Gilbert has also received support from Winning for Women PAC.

Gilbert takes on Ohio state Rep. Emilia Sykes (D), who ran unopposed in her primary and who has served in the state legislature since 2014. She served more recently as the state House minority leader, holding several other high-profile positions with the state legislature, including minority whip and assistant whip.

Both her parents, Barbara and Vernon Sykes, had previously held the same state House seat she has.

The data website FiveThirtyEight notes that under Ohio’s new congressional map, the 13th District has a partisan lean toward Republicans, and the Cook Political Report rates the seat as a toss-up for November.

Oregon’s 5th Congressional District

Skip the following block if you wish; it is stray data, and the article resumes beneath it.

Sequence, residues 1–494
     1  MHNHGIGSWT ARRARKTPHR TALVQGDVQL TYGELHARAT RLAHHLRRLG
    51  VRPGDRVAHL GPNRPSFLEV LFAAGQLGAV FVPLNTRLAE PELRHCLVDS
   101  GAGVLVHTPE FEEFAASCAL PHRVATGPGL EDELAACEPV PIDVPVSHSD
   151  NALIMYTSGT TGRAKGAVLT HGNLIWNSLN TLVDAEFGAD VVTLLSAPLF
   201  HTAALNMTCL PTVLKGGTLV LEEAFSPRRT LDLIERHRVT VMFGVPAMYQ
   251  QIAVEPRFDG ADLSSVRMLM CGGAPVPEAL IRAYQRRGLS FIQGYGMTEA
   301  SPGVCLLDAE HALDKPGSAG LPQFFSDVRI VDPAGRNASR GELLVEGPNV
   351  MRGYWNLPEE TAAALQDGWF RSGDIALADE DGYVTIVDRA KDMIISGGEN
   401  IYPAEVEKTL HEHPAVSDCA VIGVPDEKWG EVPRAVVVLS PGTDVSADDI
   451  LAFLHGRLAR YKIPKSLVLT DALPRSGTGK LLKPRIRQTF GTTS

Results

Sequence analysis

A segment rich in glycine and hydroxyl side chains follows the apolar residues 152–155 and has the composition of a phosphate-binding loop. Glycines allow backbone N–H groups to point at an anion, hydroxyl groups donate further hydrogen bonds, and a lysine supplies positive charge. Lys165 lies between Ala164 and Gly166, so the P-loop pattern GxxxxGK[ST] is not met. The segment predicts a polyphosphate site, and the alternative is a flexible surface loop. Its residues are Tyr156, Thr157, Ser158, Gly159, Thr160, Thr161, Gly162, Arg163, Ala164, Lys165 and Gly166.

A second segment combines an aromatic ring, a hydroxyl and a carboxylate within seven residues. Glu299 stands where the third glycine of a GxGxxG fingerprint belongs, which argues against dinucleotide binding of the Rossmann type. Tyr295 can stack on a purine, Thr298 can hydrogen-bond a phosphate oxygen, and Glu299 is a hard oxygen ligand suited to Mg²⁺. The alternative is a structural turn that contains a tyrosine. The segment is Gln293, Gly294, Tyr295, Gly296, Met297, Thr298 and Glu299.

In Oregon, Progressive challenger Jamie McLeod-Skinner made headlines in late May after she won her Democratic primary against seven-term incumbent Rep. Kurt Schrader.

Schrader, who had received Biden’s endorsement, drew ire from progressives after initially voting against a nearly $2 million coronavirus relief package in the lower chamber and after he and two other moderate Democrats voted against legislation in September that would have allowed drug prices to be negotiated by the secretary of Health and Human Services.

Meanwhile, McLeod-Skinner notched endorsements from groups like the Working Families Party and Progressive Democrats of America in addition to Sens. Elizabeth Warren (D-Mass.), Ron Wyden (D-Ore.) and Jeff Merkley (D-Ore.).

McLeod-Skinner now takes on former Happy Valley Mayor Lori Chavez-DeRemer (R), who has been endorsed by Stefanik. Chavez-DeRemer has focused her campaign platform on advocating for parents’ involvement in school curriculum, opposition to critical race theory and inflation, among others.

FiveThirtyEight gives the 5th Congressional District a partisan toward Democrats, and the Cook Political Report rates the seat as a toss-up.